The facts of this case are set out more fully in People v. Lincoln (1987), 157 Ill. App. 3d 700. For the purposes of this case the following facts are set forth. In their investigation, the police recovered the stereo equipment, which Elston allegedly removed from Mitchell's apartment during the incident, from Lincoln's apartment the same day. Elston was later arrested at his place of employment and brought down to the police station for questioning. Elston permitted police to search his car at the time of his arrest and, in the search, a spent shotgun shell was recovered from the auto. Eskridge identified Elston at the police station as one of the perpetrators and Elston then admitted holding a shotgun on Carter when it went off. Codefendant Johnson, also in a post-arrest statement, told police that he, Elston, Lincoln and Watson had discussed going over to Mitchell's house to "take care of him" at a party that the co-defendants attended the night before the incident. Johnson and Elston showed the police where the guns used in the incident were located. Co-defendant Lincoln gave a post-arrest statement corroborating Johnson's as to the first meeting at the party and also told of a second meeting at Lincoln's apartment, where the four men again discussed "taking care of" Mitchell before arming themselves and going next door.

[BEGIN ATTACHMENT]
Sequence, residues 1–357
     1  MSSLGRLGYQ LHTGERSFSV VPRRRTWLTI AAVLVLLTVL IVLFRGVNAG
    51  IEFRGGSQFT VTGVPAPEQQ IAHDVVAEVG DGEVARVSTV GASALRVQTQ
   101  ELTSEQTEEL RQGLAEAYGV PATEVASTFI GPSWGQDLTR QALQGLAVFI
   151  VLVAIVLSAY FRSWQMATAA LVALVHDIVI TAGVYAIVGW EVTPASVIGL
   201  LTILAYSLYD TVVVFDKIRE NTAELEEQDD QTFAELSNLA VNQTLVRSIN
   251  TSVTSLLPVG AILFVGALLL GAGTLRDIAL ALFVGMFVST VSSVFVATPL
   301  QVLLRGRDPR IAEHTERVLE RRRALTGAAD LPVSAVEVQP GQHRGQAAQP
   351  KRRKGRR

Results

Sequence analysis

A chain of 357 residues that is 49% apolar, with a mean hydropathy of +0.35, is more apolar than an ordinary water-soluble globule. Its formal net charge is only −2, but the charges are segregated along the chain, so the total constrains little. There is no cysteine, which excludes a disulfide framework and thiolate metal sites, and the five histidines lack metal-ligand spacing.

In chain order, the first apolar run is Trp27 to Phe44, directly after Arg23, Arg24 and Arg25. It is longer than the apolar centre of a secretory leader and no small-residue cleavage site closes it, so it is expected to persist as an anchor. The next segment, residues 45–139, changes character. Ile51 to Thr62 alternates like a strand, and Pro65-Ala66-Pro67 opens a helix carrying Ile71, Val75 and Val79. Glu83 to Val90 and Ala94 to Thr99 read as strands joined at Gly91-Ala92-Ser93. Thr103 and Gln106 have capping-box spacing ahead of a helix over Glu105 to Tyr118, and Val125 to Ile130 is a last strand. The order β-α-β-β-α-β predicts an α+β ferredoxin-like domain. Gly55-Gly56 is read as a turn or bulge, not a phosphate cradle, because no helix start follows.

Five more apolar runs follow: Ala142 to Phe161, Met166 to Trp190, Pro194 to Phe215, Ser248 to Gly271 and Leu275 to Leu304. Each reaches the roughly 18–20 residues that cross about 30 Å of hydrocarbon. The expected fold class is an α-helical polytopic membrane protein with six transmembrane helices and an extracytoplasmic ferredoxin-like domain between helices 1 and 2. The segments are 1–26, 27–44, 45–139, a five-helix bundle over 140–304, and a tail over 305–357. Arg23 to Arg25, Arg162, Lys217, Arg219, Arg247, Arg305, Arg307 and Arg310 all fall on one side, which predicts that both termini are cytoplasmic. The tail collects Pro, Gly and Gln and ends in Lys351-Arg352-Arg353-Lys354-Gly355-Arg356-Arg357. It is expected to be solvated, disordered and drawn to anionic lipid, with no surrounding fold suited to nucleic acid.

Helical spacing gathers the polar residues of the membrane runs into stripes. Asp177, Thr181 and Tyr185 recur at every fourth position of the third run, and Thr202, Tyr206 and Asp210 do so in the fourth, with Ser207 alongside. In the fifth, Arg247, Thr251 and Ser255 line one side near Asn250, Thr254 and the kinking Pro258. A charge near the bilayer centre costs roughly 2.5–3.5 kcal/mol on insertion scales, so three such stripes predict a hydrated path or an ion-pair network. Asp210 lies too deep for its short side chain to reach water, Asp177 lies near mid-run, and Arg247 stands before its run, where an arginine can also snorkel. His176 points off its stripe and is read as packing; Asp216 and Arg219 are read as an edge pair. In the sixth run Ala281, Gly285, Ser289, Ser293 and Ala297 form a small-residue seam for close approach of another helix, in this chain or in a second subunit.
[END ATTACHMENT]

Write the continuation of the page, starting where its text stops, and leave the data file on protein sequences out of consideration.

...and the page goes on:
Elston's statement did not relate any plan to harm or kill Mitchell and contradicted his co-defendant Johnson's statement in some aspects. Eskridge was the only witness who testified that she saw Elston in the apartment that day. Haggins testified that during the incident she saw Johnson on the back porch from the bedroom window in the apartment. No prosecution witness testified to seeing Elston with a weapon and he contended that he went to the apartment unarmed and merely recovered his stereo. Elston contends that he came upon the incident in progress and that he decided to then repossess his stereo from Mitchell's apartment because Mitchell had not yet paid for it. Elston states that he took the stereo next door to Lincoln's apartment and when he returned he found Johnson holding a shotgun on Carter, who was standing in the closet. Elston's defense was that he was attempting to prevent Johnson from shooting Carter and as he wrestled the rifle from Johnson, the gun accidentally discharged.